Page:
My husband and I were leaving for a European Cruise about two months after my first Blythe meet and I knew it would be fantastic to be able to take a Blythe doll with me in order to take fashion pictures with her all over Europe. I wanted a doll but I truly had no idea of where to start my hunt. My new "dolly friends" as we call each other were incredible helpful and pointed me in the right direction.


There are a lot of fake or "factory" dolls out there - especially on eBay - and therefore knowing more about Blythe models and how to distinguish a real doll from a fake one is crucial. There are lots of tutorials online on how to do this - here's one I really like. By the way, I'm not saying that "factory dolls" are not beautiful - on the contrary, they can be quite special - but there needs to be full disclosure of what you are buying without any misrepresentation as the prices for dolls can be quite high. My personal recommendation for finding a doll to "adopt" is to join a Facebook group known as Dolly Adoption where you will find an infinite number of dolls (both new and used) at various price points. If you already own a doll and you are looking for clothes and outfits for her there are tons of beautiful shops on Etsy or via a Facebook group called Dolly Duds and Sundries For Sale.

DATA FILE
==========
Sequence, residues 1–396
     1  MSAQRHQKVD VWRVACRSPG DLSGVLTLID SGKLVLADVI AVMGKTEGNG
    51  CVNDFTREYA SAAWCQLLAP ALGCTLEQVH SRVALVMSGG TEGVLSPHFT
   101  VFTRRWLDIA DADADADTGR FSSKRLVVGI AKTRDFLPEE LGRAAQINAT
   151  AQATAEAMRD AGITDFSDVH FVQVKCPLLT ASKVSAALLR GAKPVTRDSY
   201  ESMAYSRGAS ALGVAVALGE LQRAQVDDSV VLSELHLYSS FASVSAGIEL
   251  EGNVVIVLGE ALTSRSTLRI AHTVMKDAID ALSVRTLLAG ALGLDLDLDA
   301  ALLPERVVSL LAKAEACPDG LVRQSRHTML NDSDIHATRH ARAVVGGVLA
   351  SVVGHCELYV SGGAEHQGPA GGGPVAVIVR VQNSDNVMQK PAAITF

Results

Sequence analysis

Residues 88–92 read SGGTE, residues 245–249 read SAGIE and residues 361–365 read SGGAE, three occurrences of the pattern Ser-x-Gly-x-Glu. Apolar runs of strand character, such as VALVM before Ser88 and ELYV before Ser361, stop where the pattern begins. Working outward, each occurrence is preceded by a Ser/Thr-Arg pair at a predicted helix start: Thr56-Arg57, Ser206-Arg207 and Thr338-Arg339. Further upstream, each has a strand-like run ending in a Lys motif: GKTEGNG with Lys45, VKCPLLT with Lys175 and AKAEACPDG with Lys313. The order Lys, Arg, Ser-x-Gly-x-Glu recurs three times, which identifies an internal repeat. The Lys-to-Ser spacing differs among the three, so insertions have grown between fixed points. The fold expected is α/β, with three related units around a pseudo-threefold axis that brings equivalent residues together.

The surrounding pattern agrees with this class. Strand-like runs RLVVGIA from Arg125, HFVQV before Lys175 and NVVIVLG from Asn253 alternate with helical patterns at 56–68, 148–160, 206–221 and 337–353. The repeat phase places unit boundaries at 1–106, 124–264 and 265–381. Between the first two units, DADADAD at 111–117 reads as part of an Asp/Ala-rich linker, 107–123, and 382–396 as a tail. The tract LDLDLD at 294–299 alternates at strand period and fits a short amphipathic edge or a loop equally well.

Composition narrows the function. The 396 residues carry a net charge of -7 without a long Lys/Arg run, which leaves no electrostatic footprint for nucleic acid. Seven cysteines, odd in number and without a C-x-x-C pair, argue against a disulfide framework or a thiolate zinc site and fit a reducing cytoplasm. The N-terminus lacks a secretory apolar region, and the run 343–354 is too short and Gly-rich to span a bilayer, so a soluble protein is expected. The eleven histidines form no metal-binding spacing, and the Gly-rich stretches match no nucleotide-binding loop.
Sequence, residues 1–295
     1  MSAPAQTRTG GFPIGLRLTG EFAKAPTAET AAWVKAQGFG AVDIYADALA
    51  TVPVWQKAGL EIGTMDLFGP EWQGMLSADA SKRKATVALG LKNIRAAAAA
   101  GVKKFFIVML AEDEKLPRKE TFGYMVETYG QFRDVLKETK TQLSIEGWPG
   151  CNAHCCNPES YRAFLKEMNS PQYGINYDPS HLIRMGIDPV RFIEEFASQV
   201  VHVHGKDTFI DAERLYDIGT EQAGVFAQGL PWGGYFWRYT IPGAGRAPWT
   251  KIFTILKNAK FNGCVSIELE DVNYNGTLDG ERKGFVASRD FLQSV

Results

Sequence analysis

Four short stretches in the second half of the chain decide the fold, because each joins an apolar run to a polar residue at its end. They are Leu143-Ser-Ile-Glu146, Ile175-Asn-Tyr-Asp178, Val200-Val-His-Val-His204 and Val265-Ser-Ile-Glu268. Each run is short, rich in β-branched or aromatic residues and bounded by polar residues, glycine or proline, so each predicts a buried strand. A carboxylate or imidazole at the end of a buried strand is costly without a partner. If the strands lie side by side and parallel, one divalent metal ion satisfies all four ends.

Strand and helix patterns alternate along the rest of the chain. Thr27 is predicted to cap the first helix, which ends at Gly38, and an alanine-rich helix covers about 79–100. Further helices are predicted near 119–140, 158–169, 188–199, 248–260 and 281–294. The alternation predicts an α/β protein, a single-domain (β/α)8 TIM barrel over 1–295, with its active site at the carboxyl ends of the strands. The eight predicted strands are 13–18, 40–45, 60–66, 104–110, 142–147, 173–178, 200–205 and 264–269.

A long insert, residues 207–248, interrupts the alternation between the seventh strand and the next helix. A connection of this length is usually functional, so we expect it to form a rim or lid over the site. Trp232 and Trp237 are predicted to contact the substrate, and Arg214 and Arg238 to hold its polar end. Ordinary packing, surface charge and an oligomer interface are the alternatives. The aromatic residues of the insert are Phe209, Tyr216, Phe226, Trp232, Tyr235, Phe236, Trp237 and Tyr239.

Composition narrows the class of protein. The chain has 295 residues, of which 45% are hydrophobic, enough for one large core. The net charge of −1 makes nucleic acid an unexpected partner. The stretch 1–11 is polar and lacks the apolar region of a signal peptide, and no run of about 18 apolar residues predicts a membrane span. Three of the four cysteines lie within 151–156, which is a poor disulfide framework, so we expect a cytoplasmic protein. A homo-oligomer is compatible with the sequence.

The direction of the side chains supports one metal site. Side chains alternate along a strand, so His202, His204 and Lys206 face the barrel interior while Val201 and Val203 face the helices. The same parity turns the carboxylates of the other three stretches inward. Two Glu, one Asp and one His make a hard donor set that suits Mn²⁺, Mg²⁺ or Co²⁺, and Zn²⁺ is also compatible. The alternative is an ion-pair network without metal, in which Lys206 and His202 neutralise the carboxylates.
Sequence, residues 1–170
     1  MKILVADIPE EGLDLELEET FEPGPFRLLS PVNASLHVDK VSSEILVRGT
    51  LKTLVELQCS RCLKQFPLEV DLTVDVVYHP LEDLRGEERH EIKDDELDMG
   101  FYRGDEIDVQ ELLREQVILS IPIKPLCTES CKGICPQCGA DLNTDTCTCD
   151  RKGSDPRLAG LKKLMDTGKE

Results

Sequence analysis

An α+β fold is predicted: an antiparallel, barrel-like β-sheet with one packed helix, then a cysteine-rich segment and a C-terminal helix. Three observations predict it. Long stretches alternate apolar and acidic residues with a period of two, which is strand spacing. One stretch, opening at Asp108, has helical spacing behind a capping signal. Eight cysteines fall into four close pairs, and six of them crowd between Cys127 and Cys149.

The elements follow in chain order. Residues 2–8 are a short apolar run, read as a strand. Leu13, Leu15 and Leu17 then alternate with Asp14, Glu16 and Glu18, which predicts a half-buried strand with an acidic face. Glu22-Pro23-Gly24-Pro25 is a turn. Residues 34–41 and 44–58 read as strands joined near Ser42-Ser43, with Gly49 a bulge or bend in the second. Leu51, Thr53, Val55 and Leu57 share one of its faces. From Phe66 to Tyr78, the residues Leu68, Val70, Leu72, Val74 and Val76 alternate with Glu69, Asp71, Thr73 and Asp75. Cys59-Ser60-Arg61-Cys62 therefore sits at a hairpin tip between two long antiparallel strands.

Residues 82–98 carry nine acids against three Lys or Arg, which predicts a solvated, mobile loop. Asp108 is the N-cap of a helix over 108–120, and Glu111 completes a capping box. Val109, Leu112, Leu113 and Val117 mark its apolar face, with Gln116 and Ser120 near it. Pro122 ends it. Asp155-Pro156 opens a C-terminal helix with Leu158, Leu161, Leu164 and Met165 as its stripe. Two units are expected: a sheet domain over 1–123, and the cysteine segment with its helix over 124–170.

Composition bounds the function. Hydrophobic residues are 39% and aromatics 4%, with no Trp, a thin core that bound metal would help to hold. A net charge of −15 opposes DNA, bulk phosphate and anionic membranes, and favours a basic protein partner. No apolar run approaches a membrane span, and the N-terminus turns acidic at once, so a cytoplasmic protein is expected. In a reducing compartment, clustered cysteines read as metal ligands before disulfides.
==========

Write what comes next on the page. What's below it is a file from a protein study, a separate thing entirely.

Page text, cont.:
You will also soon realize that a doll that is "stock" and comes in her original box looks quite different from the ones you may find on Flickr or Pinterest - the reason for that is because Blythes are often customized by artists from all over the world in order to make each doll a one of a kind. Customization is a very interesting topic and that would require an article on its own but what it means in a nutshell is an alteration of the facial expressions (through a technique known as "carving"), make-up, eyelashes, hair, and/or body parts to create a doll that would otherwise not be available. Customized dolls are the most expensive and for that reason it is important to become familiar with different customizers and the type of doll you are looking for before jumping in. It is also important to be aware of the "stock" model the customized doll was based on - in other words customs made on a "factory mold" can be cheaper than customs made on an original Blythe release (e.g., Sunshine Holiday). My personal preference when it comes to adopting a Blythe is to adopt ones that have been customized on an original Blythe/Takara release as their value will often increase over time. If you have any questions about specific customizers or how to find a good one please drop me a line or leave a comment below.